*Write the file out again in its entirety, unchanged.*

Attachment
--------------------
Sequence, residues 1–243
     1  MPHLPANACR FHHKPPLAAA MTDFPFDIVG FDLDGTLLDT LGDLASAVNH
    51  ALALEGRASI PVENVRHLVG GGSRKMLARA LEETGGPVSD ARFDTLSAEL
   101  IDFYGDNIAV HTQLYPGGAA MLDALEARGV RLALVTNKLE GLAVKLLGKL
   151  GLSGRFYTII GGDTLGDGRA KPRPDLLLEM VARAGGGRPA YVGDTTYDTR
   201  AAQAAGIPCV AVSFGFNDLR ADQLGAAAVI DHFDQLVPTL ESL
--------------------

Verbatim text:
Sequence, residues 1–243
     1  MPHLPANACR FHHKPPLAAA MTDFPFDIVG FDLDGTLLDT LGDLASAVNH
    51  ALALEGRASI PVENVRHLVG GGSRKMLARA LEETGGPVSD ARFDTLSAEL
   101  IDFYGDNIAV HTQLYPGGAA MLDALEARGV RLALVTNKLE GLAVKLLGKL
   151  GLSGRFYTII GGDTLGDGRA KPRPDLLLEM VARAGGGRPA YVGDTTYDTR
   201  AAQAAGIPCV AVSFGFNDLR ADQLGAAAVI DHFDQLVPTL ESL